If you’re looking for information on a newer Mazda CX-5, we’ve published an updated review: 2019 Mazda CX-5 Review
Anyone shopping the compact SUV market of late can tell you there are plenty of choices out there. Today’s compact crossovers are almost mini-luxury SUVs, offering much of the safety, luxury and styling of their more expensive brethren at a bargain price. However, if you’re also looking for a compact SUV that offers all these features plus great driving dynamics, the 2017 Mazda CX-5 is probably your best bet. Completely remade this year, the CX-5 has a more premium feel than the model it replaces. With a lower stance and a more refined suspension, the CX-5 delivers a better ride and better handling without sacrificing the all the things people loved about the original.
When placed up against competitors like the Honda CR-V and Toyota RAV4, the CX-5 looks pretty good. However, it lacks the turbocharged power found on the Ford Escape, Subaru Forester and Kia Sportage. The CX-5 is also missing some high-tech audio features such as Apple CarPlay and Android Auto, though Mazda says it might be able to add both via a simple software upgrade. We’ll keep an eye on that one. The CX-5 may have the last laugh, however, when later in the model year Mazda plans to offer a diesel engine option, a unique attribute in this class that will improve both performance and fuel economy.
What’s New for 2017?
The CX-5 has been completely remade for 2017. Although its dimensions remain roughly the same, the CX-5 now rides a bit lower to the ground (7.6 inches vs. 8.5), has a more modern interior and features more active safety features. The 2017 CX-5 also addresses a few complaints from the previous generation, namely interior noise levels and a somewhat harsh ride on up-level trims. Other available features of note include Mazda’s G-Vectoring Control, heated rear seats, a heated steering wheel and a power lift gate. See the 2017 Mazda CX-5 models for sale near you
What We Like
Beautiful interior; smooth ride; quiet cabin; excellent handling; sophisticated AWD setup; good fuel economy; future diesel engine offering; reasonably priced
What We Don’t
Dash-mounted touchscreen only operates when the car is stopped; no high-output turbo or V6 engine option; Grand Touring’s 19-inch wheels create a firm ride; no Apple CarPlay or Android Auto; heated side mirrors only offered on most expensive trim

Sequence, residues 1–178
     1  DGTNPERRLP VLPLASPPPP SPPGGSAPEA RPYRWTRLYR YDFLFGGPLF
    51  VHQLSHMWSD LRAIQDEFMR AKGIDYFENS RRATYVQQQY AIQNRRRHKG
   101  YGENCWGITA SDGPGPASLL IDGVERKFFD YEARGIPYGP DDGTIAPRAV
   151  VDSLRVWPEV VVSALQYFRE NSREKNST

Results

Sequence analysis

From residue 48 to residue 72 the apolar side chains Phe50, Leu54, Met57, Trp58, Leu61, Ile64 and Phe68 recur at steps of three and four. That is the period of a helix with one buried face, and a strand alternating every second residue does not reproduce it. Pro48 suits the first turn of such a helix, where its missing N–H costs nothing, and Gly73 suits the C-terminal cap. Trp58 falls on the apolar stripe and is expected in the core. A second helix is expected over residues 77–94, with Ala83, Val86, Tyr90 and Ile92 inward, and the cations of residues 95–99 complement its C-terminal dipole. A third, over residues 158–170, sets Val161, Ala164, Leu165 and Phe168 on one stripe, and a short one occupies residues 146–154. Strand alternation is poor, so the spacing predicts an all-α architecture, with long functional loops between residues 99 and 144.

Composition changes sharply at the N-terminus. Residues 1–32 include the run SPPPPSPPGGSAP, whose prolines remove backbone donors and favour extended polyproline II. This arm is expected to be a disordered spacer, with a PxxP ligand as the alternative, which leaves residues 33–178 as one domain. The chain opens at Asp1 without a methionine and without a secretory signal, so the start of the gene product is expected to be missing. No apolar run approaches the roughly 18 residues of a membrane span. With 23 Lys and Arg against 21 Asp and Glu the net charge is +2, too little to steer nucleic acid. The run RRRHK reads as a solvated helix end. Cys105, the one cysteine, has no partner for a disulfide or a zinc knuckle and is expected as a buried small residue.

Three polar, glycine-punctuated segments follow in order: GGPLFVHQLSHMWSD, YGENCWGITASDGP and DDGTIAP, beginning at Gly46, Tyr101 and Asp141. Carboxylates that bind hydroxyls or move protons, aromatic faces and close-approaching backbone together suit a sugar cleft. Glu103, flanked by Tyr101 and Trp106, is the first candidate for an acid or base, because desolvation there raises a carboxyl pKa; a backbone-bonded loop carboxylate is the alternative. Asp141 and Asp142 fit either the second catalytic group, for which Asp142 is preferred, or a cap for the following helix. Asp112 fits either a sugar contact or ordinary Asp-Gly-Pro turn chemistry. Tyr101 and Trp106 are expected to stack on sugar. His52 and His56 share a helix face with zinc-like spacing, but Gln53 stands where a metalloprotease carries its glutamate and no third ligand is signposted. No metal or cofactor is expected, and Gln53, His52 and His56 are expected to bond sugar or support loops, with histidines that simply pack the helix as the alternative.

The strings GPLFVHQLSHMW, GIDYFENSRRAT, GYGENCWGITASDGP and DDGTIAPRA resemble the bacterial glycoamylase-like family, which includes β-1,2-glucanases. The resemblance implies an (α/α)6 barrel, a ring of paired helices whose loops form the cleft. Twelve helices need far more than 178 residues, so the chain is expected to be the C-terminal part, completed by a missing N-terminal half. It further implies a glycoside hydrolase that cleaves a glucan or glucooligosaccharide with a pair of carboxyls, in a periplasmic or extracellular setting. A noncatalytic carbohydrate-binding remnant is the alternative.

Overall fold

At launch, the CX-5 will be offered with one engine and transmission combination. Mazda’s 2.5-liter SKYACTIV direct-injection gasoline inline 4-cylinder unit mated with a 6-speed automatic transmission. Horsepower is a respectable 187, with 185 lb-ft of torque. For front-drive models, the EPA gives the CX-5 a rating of 24 miles per gallon in the city and 31 mpg on the highway. Models equipped with all-wheel drive (AWD) earn a slightly lower 23 mpg city/29 mpg hwy.
Later in the model year, Mazda is expected to introduce a diesel engine option. No specs or EPA info has been given, however.
Standard Features & Options
Mazda’s CX-5 for 2017 is offered in three trims: Sport, Touring and Grand Touring. All-wheel drive is an option for all three trims.
The CX-5 Sport ($24,985 FWD; $26,285 AWD) includes power windows, power locks, power mirrors, remote keyless entry with push-button start, 17-in alloy wheels, cloth seating, cruise control, a tilt-telescopic steering column, manual air conditioning, variable wipers, LED headlights, Smart City Brake Support, a 6-way manual driver’s seat, an electronic parking brake, a 40/20/40 split-folding rear seat, a 7-in color touchscreen with 4-speaker audio, Mazda Connect with voice activation, a rear backup camera, Bluetooth hands-free cell phone connectivity and two front USB ports. In case you were wondering, there’s no CD player this year, not even as an add-on option.
The CX-5 Touring ($26,855 FWD; $28,155 AWD) adds a 6-way power driver’s seat, leatherette seating with suede inserts, heated front seats, rear privacy glass, auto-leveling headlights, dual-zone automatic climate control, an additional two speakers for the audio, Mazda Advanced Key proximity keyless entry, a leather-wrapped steering wheel and shift knob, rear-seat vents, a rear-seat center armrest, reclining rear seats, rear-seat USB ports, a blind spot monitoring system and rear cross-traffic alert.